When talking about whether the selection of means of dispute resolution will be changed following the political situation, Mr. David Rivkin agreed that the China-U.S. economic exchanges will still move forward, but in light of the geopolitics tension, the parties will be inclined to choose international arbitration to resolve China-U.S. commercial disputes so as to make sure the outcomes of the cases will be recognized and enforced. Mr. Gary Born also believed that enterprises of the two states may be hesitant to seek reliefs before their local courts of law in the current situation, and international arbitration may provide them with a more independent and impartial means to resolve disputes.

Regarding how to identify a suitable arbitration institution and seat of arbitration in China-U.S. commercial transactions, Dr. Chen Fuyong referred to the statistics of the BAC’s past case administration and experience to highlight the BAC’s competence in handling China-U.S. commercial disputes. According to the statistics, the BAC has dealt with 122 disputes involving American parties ever since its establishment, excluding the foreign invested enterprises set up by American investors pursuant to the PRC law. The BAC Arbitration Rules are highly in line with international arbitration practice, which ensure the rules can better meet international users’ needs. Meanwhile, benefited from the professional case manager team and technological support, the BAC keeps professional and efficient case administration quality. As the statistics show, the aforementioned cases involving American parties took six months on average to be concluded. Ms. Sarah Grimmer and Ms. Lim Seok Hui referred to Hong Kong and Singapore as examples, respectively, sharing their institutions’ advantages and efforts in handling China-U.S. commercial disputes, as well as their efforts to ensure efficient arbitration procedures during the outbreak of the pandemic.

Speakers also had exchanges on issues that American enterprises often have worries about when participating in arbitration procedures in foreign countries, including those administered by arbitration institutions in the mainland China, especially when the arbitration is initiated by the American parties against Chinese enterprises, how the American enterprises could make sure that it will receive equal treatment in the arbitral procedure; and if it wins, whether it could expect the winning award could be recognized and enforced by Chinese courts. Dr. Chen Fuyong gave responses to such issues from the perspectives of arbitral tribunals’ independent discretion over the merits of the case, the statistics of China-U.S. commercial cases handled by the BAC, the status quo of arbitral awards’ recognition and enforcement, and the reporting system ultimately to the Supreme People’s Court for refusal to enforce foreign-related arbitral awards.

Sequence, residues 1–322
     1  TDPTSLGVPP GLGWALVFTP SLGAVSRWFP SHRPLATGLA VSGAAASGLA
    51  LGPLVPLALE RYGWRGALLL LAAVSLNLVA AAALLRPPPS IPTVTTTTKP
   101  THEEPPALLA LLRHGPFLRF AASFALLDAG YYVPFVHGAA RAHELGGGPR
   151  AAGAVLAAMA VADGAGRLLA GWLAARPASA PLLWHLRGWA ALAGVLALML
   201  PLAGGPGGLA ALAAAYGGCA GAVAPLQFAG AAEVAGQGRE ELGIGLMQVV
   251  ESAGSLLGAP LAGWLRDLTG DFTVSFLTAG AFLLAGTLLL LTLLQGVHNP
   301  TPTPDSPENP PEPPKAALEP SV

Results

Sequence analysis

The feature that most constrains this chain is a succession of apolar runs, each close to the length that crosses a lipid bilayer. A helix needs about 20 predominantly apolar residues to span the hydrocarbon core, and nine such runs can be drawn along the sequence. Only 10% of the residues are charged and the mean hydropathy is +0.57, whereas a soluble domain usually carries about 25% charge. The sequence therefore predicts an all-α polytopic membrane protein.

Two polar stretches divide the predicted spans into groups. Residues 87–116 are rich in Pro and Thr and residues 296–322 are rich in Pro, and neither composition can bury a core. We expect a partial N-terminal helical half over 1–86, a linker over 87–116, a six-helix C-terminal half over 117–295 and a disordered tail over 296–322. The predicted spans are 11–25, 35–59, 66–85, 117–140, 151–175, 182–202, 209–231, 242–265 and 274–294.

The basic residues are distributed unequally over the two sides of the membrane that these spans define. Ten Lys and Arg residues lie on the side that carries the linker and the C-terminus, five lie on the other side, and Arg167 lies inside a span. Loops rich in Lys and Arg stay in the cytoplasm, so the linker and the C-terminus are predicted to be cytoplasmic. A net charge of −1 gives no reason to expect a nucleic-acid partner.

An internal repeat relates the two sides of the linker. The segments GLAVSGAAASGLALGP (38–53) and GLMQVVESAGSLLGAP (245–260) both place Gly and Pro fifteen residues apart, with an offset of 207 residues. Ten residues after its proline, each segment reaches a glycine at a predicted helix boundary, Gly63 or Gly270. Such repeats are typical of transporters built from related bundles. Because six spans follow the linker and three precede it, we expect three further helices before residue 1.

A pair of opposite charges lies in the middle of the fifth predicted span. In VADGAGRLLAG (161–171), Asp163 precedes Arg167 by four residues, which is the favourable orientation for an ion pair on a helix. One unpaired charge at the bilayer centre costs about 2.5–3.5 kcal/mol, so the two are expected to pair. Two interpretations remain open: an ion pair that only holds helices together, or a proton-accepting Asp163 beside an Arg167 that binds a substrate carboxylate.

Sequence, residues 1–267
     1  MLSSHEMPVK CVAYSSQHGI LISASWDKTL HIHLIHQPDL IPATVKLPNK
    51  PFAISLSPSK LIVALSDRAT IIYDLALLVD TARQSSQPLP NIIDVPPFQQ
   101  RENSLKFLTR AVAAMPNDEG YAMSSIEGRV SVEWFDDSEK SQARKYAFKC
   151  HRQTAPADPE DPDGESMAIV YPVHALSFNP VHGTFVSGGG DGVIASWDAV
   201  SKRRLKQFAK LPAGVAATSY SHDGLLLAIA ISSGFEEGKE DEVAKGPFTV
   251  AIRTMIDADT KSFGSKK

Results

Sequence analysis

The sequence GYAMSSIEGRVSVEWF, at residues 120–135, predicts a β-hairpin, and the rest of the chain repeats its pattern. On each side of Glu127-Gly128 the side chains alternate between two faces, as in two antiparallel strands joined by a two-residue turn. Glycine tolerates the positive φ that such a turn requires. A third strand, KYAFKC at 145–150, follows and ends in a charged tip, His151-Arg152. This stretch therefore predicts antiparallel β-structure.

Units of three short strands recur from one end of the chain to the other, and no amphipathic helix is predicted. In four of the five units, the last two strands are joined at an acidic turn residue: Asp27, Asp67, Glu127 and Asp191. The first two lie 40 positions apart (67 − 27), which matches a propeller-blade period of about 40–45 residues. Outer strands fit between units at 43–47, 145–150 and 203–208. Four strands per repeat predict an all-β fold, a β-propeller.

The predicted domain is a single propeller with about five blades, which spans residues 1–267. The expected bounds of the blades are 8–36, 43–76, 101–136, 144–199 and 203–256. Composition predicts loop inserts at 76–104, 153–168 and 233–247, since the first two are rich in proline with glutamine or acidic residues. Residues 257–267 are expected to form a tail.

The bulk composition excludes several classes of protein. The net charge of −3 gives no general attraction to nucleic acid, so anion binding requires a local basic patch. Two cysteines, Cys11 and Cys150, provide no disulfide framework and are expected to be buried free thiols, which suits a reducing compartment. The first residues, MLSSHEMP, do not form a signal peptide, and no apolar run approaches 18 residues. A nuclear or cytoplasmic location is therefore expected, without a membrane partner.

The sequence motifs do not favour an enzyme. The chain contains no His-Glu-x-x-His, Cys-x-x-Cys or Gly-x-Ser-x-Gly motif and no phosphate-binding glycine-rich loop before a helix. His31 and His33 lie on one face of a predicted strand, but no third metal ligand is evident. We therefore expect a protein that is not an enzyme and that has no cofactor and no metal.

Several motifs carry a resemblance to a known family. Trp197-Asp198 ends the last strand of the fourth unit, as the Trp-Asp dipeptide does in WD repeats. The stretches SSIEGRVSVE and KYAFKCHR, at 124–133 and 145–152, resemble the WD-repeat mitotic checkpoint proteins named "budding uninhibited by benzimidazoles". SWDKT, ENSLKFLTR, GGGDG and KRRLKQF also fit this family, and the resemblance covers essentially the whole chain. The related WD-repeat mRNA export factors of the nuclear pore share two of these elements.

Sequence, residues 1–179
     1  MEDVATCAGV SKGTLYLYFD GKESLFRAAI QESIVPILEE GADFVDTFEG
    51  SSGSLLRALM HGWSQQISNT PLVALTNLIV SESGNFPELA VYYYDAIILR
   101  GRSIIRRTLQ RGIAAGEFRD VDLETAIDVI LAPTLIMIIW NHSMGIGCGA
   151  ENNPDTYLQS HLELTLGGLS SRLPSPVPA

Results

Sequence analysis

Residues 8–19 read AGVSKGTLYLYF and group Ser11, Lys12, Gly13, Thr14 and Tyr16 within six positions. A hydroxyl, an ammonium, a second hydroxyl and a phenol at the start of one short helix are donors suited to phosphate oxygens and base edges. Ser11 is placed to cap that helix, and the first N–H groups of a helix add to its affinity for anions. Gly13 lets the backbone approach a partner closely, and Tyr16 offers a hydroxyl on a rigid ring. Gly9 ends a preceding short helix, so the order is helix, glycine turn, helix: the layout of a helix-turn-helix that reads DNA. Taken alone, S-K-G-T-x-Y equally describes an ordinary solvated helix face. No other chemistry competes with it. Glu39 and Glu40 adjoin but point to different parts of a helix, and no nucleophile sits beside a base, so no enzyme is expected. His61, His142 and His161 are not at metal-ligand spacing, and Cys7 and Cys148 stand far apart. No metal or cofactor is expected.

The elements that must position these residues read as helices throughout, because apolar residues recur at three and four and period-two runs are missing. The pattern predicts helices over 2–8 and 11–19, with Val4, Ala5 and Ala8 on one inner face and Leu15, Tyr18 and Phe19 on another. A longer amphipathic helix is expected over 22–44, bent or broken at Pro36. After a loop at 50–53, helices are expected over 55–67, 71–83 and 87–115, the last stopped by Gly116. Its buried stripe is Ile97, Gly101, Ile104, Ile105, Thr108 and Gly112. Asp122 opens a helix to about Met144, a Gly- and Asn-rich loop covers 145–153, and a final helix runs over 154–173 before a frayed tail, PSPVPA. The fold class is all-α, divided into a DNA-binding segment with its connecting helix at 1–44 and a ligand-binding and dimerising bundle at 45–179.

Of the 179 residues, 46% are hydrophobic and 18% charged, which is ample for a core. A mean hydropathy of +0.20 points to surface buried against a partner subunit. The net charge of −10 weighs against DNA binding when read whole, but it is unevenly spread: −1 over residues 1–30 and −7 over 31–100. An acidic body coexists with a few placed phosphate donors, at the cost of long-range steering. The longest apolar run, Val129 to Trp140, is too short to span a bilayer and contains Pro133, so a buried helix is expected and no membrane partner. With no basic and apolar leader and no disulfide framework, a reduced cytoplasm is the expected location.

Indeed, the geopolitics tension will bring unpredictability to the China-U.S. commercial exchanges, but they will still move forward, and will to a certain extent alleviate the politics tension. This Webinar is just a part of the ongoing non-governmental exchanges and dialogues between the two states. The BAC as a leading Chinese arbitration institution with certain reputation globally, endeavors to be a pioneer of international dispute resolution practice exchange and culture mutual learning, and by way of building a platform of exchange, it becomes an invisible bond connecting legal practitioners from both China and the U.S., constantly highlighting the significance of dialogue and exchange. We sincerely welcome professionals from various industries to pay continuous attention to and participate in events organized by the BAC.

Click here to replay the Webinar: “Future of China-America Commercial Dispute Resolution”

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All disputes arising from or in connection with this contract shall be submitted to Beijing Arbitration Commission / Beijing International Arbitration Center for arbitration in accordance with its rules of arbitration. The arbitral award is final and binding upon both parties.